Her high school efforts paid off, as her grades and test scores allowed her to attend Princeton University. Soon at Princeton, though, Dr. Jain was at best treading water.
“Academically, I struggled in classes like calculus, which used to be my strength. I lost a lot of self-confidence that year and began to explore other avenues,” she said.
The call to medicine
By her junior year, Dr. Jain was well grounded but faced another reality: She was on the wrong educational track.
“I began to think about science and medical school again, and after some soul searching, I decided to try medicine,” she said. “However, I was a political science major and had not taken any science classes, so after graduating I spent the next two years in a post-baccalaureate pre-med program at the University of Pennsylvania. Looking back, I’m glad that I stretched myself and received a liberal arts education. I learned to write and think analytically and persuasively at Princeton.”
She earned her medical degree from Baylor College of Medicine in Houston, where she also completed her residency training. During residency, she met an inspirational faculty member who helped guide her to her chosen field. “My interest in infectious disease developed after my rotation with Dr. Daniel Musher, an icon in the field. He is a very demanding attending, meticulous with details, but an incredible teacher,” she said. “I was fascinated by the diversity within the field of infectious disease. I was also considering hematology/oncology, but I finally chose infectious disease because most people with infections improve or are cured.”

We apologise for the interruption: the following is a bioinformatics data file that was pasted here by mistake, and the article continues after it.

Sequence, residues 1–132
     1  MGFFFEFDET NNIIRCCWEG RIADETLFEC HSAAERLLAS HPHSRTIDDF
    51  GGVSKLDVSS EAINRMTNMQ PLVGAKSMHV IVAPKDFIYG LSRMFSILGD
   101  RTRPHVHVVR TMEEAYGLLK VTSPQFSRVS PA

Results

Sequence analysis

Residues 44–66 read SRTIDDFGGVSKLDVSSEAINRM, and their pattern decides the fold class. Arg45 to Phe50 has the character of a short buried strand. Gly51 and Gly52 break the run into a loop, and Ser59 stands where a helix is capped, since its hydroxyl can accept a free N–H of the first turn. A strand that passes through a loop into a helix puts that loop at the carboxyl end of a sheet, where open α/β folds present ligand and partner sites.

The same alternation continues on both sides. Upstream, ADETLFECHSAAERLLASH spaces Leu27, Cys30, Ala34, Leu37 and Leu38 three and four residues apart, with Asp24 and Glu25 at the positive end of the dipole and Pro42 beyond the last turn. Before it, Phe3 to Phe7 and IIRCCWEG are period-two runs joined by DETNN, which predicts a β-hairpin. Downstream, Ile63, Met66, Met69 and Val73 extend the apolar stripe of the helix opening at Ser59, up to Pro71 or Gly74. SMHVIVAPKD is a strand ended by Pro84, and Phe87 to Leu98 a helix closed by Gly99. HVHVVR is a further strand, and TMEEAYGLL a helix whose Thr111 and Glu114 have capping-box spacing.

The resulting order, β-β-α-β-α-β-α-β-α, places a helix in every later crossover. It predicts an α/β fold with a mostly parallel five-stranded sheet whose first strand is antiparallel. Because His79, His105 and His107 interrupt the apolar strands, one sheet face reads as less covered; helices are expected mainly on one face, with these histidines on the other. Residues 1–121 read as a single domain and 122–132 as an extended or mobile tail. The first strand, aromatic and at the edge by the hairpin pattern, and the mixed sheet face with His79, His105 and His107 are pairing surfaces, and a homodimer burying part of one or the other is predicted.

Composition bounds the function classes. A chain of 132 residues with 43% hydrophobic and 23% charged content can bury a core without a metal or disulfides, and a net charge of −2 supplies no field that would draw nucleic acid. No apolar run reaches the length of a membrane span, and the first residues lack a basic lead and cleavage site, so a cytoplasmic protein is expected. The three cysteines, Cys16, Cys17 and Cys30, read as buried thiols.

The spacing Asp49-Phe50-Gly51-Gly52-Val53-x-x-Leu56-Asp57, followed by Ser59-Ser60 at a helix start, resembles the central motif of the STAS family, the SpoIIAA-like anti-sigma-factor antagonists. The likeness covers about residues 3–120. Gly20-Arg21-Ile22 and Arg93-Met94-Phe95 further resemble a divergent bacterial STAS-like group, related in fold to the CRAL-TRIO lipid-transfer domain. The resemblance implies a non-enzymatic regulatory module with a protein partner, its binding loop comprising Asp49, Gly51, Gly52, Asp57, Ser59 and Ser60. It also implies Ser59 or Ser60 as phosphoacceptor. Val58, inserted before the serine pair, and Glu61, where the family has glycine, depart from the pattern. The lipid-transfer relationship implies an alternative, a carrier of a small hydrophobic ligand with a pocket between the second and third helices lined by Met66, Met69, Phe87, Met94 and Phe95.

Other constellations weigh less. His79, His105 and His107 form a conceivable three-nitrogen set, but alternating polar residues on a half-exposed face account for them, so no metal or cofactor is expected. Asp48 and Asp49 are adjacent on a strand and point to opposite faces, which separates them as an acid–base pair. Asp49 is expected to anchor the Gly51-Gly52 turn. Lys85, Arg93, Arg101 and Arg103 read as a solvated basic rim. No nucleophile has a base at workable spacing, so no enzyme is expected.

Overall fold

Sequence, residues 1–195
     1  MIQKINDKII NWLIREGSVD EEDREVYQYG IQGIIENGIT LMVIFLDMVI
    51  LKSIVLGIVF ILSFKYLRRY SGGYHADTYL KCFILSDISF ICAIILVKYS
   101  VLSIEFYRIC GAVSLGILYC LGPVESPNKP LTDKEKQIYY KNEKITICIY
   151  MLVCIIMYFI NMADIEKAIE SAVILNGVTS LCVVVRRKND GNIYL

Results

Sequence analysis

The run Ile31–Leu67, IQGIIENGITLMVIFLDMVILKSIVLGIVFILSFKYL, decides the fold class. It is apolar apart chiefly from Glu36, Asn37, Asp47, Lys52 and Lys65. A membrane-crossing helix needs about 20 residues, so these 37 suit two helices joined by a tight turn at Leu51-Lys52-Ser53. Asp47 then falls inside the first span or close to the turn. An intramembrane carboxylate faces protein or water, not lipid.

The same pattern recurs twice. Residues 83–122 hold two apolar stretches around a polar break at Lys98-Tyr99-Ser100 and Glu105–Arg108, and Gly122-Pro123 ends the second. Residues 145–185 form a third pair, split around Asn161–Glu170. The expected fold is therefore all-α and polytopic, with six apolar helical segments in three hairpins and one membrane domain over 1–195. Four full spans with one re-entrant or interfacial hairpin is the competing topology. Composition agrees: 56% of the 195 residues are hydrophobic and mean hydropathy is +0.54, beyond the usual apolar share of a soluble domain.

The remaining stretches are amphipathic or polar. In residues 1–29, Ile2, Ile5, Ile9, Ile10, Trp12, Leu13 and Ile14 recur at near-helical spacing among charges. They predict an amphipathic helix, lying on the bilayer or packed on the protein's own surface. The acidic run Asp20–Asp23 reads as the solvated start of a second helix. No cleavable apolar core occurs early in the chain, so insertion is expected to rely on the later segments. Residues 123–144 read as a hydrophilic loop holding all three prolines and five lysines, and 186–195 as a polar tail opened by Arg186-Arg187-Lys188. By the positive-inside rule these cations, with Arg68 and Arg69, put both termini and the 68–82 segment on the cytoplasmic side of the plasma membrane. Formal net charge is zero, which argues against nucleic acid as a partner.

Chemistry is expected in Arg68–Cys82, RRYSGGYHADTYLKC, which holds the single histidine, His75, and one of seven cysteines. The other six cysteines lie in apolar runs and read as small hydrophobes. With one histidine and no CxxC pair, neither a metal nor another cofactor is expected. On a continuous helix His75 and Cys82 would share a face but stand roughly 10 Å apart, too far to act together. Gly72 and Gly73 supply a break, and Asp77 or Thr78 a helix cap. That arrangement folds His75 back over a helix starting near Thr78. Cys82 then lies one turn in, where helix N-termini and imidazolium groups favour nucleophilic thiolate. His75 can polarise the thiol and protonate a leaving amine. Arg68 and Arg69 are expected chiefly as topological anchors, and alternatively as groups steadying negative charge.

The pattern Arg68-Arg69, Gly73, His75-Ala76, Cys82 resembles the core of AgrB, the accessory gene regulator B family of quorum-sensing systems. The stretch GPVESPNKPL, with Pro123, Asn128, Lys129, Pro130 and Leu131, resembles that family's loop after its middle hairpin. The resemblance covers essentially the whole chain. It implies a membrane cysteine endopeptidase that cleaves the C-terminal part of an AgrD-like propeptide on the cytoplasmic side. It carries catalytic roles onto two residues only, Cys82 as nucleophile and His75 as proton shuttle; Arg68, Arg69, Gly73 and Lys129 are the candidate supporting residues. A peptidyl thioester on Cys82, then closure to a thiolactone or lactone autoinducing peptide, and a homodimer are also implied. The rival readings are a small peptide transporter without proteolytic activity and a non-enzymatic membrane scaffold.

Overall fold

During residency, Dr. Jain met and married Dr. Rajeev Jain, who was completing his gastroenterology fellowship at UT Southwestern. She arrived on campus in 1999 to begin her infectious disease fellowship and has never left. Not surprisingly, she found yet another inspiring figure in Dr. William Lee, a renowned liver disease expert and UTSW Professor of Internal Medicine.